Reducing tasks and obligations can help in eliminating some pressures and burdens (easier said than done, right?) so delegating tasks to others and sticking to a strict timetable can make life more enjoyable, relaxed and stress-free.



Too Stress(ed) or Not to Stress (Three)

Channelling Anger into Positive Performance

Anger is an emotion everyone experiences (even those without FM). It can be a normal and healthy emotion that helps you instinctively detect and respond to a threatening situation. When properly channelled, it can be a powerful motivating force. But anger can get out of control…

Anger resides in the liver at a deep cellular level and impedes the balanced function of the liver. It can also lead to high blood pressure and palpitations. Uncontrolled anger can seriously affect your personal and professional life, being incredibly destructive to yourself and the people around you.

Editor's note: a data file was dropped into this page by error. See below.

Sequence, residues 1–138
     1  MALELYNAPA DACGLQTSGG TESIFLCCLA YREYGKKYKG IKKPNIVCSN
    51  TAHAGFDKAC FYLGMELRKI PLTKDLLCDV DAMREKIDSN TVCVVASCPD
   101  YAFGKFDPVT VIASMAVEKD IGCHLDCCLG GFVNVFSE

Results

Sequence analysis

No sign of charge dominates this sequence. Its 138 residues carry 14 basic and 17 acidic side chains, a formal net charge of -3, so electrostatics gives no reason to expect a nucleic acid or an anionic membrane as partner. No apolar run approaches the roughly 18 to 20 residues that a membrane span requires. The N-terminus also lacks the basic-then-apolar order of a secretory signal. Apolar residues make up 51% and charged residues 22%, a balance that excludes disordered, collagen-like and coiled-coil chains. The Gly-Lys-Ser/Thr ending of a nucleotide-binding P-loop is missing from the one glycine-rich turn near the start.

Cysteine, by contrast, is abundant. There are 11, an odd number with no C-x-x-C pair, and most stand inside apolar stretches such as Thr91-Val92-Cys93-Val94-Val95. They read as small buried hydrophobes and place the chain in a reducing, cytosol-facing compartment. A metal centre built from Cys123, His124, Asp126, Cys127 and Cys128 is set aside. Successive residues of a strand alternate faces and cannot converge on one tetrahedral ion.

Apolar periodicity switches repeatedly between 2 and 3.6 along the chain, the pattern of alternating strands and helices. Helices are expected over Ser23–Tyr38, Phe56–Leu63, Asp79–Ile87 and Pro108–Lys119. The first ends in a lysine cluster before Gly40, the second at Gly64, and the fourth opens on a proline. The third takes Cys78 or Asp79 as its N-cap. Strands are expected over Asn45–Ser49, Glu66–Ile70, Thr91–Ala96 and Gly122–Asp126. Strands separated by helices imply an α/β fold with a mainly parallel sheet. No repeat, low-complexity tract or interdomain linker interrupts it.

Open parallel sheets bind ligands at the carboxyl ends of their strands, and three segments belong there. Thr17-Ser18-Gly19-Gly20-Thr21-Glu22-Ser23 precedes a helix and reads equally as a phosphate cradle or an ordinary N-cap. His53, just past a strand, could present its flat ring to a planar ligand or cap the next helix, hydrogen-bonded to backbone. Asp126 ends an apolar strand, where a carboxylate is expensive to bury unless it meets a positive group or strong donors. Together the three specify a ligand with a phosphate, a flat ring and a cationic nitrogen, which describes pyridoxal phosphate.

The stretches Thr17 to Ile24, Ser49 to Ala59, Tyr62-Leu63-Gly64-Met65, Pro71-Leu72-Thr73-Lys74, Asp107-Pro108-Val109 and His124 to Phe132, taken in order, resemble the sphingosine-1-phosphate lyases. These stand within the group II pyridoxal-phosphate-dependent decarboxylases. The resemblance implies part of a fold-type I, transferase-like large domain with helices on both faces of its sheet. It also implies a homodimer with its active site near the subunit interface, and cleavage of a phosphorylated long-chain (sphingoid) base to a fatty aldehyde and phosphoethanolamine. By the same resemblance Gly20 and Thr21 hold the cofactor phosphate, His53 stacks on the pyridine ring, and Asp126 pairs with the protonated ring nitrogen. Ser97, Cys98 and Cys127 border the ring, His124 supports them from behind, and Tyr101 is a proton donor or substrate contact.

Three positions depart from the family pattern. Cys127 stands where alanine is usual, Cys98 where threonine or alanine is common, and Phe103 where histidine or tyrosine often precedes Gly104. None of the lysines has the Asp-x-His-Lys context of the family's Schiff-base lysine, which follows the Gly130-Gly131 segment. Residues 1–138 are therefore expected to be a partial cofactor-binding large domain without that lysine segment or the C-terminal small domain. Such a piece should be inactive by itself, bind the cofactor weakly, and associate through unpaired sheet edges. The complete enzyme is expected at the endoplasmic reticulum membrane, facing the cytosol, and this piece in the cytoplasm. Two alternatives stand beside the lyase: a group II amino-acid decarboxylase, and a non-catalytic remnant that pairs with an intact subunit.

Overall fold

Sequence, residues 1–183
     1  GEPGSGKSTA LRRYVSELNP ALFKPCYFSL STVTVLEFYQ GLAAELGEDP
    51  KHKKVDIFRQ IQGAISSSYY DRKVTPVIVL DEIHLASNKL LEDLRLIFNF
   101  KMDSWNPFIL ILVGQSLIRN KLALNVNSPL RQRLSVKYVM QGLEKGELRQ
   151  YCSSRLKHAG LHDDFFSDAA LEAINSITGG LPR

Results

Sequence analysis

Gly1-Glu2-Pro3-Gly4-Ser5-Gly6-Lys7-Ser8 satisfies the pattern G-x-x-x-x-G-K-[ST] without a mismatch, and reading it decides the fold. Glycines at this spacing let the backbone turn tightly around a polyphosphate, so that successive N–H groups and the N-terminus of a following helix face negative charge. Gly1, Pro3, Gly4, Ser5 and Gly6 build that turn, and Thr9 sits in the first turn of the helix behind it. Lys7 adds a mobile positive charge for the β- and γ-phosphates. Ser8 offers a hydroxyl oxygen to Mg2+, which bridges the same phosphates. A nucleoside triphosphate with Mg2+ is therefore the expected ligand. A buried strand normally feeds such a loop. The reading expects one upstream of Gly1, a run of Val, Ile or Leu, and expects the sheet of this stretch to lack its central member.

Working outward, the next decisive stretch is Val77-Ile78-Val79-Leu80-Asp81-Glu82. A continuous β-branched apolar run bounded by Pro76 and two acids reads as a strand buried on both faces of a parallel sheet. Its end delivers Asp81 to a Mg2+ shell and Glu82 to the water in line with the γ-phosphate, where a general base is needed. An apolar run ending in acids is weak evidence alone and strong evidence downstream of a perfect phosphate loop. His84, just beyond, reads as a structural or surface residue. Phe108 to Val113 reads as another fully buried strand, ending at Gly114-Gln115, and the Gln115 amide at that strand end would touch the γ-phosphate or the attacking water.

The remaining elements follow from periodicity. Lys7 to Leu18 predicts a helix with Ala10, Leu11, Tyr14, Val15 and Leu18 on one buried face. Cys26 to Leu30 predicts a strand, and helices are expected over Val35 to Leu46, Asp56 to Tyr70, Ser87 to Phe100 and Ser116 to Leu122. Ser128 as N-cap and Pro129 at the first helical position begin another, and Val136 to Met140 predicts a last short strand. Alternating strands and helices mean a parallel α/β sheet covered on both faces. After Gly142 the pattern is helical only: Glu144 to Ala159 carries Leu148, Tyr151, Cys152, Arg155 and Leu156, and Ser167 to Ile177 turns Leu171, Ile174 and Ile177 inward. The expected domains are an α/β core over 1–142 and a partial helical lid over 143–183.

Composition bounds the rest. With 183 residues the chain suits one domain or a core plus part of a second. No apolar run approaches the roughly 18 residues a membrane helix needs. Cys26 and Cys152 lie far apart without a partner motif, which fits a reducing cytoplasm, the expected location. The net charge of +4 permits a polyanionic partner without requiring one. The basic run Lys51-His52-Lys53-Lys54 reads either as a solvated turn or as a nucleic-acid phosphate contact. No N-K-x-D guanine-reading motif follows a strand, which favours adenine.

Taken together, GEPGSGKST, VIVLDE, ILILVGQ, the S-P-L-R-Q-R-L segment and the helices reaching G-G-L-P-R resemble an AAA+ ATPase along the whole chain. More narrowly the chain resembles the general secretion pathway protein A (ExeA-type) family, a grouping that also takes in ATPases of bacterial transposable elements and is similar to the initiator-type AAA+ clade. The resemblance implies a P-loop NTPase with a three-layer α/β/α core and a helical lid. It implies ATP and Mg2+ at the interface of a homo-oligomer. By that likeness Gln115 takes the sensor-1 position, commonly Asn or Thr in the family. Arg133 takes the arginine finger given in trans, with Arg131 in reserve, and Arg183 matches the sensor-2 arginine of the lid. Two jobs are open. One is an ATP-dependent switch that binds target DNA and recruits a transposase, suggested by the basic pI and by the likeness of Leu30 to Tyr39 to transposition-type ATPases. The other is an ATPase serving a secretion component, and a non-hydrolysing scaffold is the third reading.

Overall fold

Anger is a well-developed coping mechanism we turn to when we feel threatened in some way. It helps us react quickly and decisively in situations where there is no time for a careful, reasoned analysis of the situation and can motivate us to solve problems, achieve goals and remove threats.

So, anger can at times serve a positive purpose but, more frequently, it has a downside.

The Downside of Anger

anger-an-emotion-by-darry-dA negative angry response can damage relationships leading to a loss of respect and self-respect. A common example is when we are quick to anger over a misunderstanding or incorrect perception and this leaves us looking very foolish.